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Data from: The monocotyledonous underground: global climatic and phylogenetic patterns of geophyte diversity

Citation

Howard, Cody Coyotee; Folk, Ryan A.; Beaulieu, Jeremy M.; Cellinese, Nico (2019), Data from: The monocotyledonous underground: global climatic and phylogenetic patterns of geophyte diversity, Dryad, Dataset, https://doi.org/10.5061/dryad.jn67k8n

Abstract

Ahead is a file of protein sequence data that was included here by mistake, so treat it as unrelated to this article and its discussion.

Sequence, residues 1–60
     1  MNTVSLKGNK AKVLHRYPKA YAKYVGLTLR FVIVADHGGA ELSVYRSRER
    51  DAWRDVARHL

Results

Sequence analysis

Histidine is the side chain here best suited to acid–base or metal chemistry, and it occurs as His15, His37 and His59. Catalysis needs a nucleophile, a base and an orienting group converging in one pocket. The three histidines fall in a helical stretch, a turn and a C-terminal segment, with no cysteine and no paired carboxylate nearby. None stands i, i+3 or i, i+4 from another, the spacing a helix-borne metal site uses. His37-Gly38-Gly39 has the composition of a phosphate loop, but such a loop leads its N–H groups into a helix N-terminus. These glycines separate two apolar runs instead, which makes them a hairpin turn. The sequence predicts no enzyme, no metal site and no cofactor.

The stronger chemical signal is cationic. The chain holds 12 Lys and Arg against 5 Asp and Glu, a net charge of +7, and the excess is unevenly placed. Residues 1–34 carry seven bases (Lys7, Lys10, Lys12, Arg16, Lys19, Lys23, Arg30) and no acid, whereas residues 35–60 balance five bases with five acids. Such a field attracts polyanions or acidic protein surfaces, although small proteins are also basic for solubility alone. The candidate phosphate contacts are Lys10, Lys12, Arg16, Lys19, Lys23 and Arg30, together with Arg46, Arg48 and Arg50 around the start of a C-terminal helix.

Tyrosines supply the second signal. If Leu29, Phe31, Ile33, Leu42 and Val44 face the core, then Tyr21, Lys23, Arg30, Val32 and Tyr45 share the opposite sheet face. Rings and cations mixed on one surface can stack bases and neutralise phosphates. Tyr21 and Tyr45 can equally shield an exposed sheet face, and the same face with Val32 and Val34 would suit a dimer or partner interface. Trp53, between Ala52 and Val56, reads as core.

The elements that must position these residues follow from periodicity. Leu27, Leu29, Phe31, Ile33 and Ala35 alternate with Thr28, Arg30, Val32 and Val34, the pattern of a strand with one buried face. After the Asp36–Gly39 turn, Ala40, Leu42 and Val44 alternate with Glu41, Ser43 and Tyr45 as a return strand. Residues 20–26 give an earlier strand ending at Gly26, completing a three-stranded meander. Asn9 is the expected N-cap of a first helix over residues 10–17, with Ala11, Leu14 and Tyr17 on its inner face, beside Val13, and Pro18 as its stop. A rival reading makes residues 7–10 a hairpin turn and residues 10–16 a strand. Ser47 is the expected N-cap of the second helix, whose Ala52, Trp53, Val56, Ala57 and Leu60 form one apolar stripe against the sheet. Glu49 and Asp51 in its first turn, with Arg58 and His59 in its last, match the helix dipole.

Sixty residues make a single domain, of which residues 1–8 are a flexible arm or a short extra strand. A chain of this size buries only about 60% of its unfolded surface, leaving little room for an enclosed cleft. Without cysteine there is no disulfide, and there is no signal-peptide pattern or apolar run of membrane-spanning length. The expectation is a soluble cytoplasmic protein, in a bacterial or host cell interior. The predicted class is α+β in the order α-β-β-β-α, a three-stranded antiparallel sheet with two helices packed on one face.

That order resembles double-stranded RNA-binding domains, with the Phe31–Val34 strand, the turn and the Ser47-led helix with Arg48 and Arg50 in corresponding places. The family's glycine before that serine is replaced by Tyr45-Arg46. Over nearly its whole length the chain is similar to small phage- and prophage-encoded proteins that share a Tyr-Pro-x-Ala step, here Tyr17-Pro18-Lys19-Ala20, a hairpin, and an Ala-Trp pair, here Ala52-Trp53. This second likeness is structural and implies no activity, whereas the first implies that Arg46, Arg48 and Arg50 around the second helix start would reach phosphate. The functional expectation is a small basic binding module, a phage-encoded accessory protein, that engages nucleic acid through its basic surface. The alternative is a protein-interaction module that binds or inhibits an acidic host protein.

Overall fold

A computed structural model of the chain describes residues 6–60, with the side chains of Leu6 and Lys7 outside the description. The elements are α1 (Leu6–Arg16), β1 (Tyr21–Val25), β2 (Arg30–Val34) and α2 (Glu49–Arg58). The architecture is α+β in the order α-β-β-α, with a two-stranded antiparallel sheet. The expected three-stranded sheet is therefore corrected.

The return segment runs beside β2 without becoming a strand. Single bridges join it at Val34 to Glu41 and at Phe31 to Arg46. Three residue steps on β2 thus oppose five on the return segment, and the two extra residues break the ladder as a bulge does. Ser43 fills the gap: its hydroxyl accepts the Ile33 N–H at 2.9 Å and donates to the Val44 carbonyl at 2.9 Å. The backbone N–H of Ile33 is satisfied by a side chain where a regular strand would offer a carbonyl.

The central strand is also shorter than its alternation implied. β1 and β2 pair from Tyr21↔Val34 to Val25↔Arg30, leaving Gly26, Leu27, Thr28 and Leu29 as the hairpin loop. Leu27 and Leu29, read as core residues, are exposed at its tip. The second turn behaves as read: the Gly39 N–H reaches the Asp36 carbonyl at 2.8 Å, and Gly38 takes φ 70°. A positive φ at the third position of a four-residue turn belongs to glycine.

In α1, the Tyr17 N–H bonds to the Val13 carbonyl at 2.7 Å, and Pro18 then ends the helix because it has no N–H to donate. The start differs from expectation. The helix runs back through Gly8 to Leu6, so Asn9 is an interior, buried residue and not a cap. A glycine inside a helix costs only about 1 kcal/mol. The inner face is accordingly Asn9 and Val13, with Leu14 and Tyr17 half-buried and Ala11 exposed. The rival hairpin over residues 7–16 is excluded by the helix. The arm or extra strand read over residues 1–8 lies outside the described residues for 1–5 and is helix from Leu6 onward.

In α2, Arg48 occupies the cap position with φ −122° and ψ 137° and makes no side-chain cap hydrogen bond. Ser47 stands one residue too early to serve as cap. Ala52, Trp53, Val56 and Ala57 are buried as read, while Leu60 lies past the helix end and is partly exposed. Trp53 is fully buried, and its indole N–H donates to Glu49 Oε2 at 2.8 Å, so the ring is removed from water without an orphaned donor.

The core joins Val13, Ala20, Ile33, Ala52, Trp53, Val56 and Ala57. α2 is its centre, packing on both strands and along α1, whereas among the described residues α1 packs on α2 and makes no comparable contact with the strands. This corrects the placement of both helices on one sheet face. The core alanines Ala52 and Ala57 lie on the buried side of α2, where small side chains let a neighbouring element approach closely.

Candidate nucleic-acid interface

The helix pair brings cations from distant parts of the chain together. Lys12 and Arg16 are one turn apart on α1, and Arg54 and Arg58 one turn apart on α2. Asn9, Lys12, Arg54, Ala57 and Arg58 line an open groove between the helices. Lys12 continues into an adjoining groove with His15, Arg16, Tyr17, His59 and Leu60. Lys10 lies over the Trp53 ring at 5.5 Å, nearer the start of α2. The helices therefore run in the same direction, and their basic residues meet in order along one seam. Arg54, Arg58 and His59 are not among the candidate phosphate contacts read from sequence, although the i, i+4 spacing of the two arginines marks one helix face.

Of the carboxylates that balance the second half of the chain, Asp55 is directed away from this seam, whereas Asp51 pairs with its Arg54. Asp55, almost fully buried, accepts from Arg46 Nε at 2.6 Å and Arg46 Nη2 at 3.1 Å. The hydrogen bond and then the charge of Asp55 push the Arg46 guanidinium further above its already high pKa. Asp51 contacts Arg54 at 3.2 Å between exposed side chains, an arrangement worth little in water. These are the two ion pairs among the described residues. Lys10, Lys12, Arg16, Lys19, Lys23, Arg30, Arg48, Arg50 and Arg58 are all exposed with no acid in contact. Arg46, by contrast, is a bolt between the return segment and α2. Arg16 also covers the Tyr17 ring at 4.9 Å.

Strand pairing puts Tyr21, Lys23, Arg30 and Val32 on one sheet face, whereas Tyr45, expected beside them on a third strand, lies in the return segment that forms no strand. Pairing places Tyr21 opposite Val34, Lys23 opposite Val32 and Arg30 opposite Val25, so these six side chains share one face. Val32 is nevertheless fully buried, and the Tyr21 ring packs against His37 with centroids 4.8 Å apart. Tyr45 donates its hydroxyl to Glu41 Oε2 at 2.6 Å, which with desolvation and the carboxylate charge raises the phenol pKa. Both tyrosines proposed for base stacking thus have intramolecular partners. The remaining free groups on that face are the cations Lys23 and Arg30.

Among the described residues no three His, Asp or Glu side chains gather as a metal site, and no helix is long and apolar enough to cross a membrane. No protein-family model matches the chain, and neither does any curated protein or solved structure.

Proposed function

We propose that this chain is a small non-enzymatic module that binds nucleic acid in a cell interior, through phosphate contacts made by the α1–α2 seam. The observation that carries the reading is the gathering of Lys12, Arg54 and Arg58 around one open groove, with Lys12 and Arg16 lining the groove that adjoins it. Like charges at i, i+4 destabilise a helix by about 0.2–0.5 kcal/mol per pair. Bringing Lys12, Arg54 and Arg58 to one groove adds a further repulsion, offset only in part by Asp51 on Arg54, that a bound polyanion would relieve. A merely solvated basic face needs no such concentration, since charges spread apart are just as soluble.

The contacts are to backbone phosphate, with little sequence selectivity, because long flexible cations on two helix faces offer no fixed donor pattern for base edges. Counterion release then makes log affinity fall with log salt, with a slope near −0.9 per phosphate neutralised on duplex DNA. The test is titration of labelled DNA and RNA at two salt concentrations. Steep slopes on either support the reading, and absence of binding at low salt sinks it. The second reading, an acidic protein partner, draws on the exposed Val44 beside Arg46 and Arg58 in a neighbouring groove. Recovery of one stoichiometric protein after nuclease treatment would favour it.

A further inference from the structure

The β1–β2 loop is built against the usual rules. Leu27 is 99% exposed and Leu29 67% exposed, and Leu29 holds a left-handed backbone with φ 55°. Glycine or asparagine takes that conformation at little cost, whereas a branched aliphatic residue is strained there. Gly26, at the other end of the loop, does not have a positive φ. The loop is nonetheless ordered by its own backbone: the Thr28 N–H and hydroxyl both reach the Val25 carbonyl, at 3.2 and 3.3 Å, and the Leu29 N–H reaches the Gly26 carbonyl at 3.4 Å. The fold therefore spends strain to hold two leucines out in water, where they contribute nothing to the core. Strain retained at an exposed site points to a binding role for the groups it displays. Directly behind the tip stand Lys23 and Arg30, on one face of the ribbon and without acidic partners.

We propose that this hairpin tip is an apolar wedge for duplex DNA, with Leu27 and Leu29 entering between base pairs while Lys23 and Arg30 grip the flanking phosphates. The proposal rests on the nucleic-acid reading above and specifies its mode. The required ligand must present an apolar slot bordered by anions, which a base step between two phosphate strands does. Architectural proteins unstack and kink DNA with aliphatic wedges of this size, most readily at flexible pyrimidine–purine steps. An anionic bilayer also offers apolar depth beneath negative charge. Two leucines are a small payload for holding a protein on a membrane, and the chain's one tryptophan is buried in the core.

Geophytes—plants typically with a bulb, corm, tuber or rhizome—are economically and evolutionarily important; however, the drivers of their morphological diversity remain unknown. Using a comprehensive phylogeny of monocots, we test for correlations between climate and growth form to better understand why we observe such a diversity of geophyte underground traits. Understanding the evolutionary factors promoting independent origins of these organs will lend insights into how plants adapt to environmental hardships. Using a phylogeny incorporated with global occurrence and climate data for the monocots, we investigated whether climatic patterns could explain differences between geophytes and non-geophytes, as well as differences among bulbous, cormous, tuberous, rhizomatous, and non-geophytic taxa. We used phylogenetically-informed ANOVAs, MANOVAs and PCAs to test differences in climatic variables between growth forms. Geophytes inhabit cooler, drier and thermally variable climates compared to non-geophytes. Although some underground traits (i.e., bulb, corm, and tuber) appear to inhabit particular niches, our data has limited evidence for an overall role of climate in the evolution of these traits. However, temperature may be a driving force in rhizome evolution, as well as the evolution of taxa considered here as non-geophytes. Our results suggest that temperature should be more strongly considered as a factor promoting the evolution of belowground bud placement, specifically as it relates to rhizomatous taxa. Bulbous, cormous and tuberous taxa need closer examination of other mechanisms, such as anatomical constraints or genetic controls, in order to begin to understand the causes behind the evolution of their underground morphology. In compliance with data protection regulations, you may request that we remove your personal registration details at any time. (Use the following URL: https://www.editorialmanager.com/ajb/login.asp?a=r) Please contact the publication office if you have any questions.

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